How to Boss Without Being Bossy

Deep dive into taxonomy of commands, examining various ways to phrase directives

How to Boss Without Being Bossy
16 minutes by Jeff Wofford

Leaders command people. That’s kind of what a leader is: someone with the authority to direct the actions of others.

The core of the article delves into a taxonomy of commands, examining various ways to phrase directives. Each method is evaluated based on its clarity and perceived harshness.

Key takeaways:

  • balance clarity and respect,

  • adapt to context and relationships and

  • keep consistency in leadership style.

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When managers and leaders don’t specify the expected time investment of an ask, the time that is invested is almost never what was intended.

How to Build Trust
15 minutes by Jacob Kaplan-Moss

What are the major management behaviors that can help build trust? Management books often cover the importance of trust, but abstractly. There’s precious little writing about the nuts and bolts, the day-to-day tasks of trust-building. That’s the gap I’d like to try to fill with this article.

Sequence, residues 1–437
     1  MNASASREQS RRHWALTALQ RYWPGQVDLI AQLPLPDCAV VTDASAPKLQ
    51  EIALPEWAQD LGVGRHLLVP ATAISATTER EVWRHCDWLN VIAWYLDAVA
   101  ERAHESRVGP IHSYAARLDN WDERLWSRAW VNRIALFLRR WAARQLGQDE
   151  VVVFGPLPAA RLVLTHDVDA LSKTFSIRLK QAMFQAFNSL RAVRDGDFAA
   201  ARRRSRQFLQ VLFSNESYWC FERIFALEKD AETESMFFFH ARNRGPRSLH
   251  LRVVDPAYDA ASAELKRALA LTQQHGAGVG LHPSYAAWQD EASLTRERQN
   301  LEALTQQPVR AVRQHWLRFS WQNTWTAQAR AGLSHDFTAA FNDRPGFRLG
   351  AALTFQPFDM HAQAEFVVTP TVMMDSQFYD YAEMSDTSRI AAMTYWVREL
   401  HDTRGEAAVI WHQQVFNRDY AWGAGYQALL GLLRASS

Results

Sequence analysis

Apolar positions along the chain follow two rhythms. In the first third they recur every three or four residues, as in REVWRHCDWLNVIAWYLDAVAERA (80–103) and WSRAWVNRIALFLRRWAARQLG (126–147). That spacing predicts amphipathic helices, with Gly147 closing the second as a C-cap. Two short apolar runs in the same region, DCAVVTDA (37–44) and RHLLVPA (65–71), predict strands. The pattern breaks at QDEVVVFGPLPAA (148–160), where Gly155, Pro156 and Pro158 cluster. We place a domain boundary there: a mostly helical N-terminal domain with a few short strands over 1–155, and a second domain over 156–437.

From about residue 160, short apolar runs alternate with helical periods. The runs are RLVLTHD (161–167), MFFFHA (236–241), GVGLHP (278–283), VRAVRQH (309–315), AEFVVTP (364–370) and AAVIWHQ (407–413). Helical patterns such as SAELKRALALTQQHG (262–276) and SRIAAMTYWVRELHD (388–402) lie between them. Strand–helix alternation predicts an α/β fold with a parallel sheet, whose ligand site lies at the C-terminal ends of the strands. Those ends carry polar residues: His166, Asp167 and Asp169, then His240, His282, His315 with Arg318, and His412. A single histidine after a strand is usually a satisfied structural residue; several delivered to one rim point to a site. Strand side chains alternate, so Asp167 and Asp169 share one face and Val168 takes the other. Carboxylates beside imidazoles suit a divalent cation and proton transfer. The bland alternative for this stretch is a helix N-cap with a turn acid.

David built out the approach for salary benchmarking of engineers (and anyone else in a technical role). It’s

  • fast to run,

  • data driven and

  • provides individual consideration.

It is a great experience to be part of a high-performing team. At the same time, it can be stressful to be on such teams. Because the bar is so high, and the expectations so positive, these teams often struggle to slow down and catch their breath. Christiaan describes three strategies teams can avoid burning out:

  • Highlight the ability to self-manage.

  • Highlight psychological safety and encourage people to listen.

  • Create norms and work agreements to deal with stress.

Strategy for Natural Monopolies
10 minutes by Roger Martin

“An industry in which multiform production is more costly than production by a monopoly.”

The industries that are usually used to exemplify natural monopolies are railways, power grids, subways, and telecom networks. In each case, the cost of building out one provider is so high that it doesn’t make economic sense for a second player to replicate the first — chances are it would go broke if it tried.

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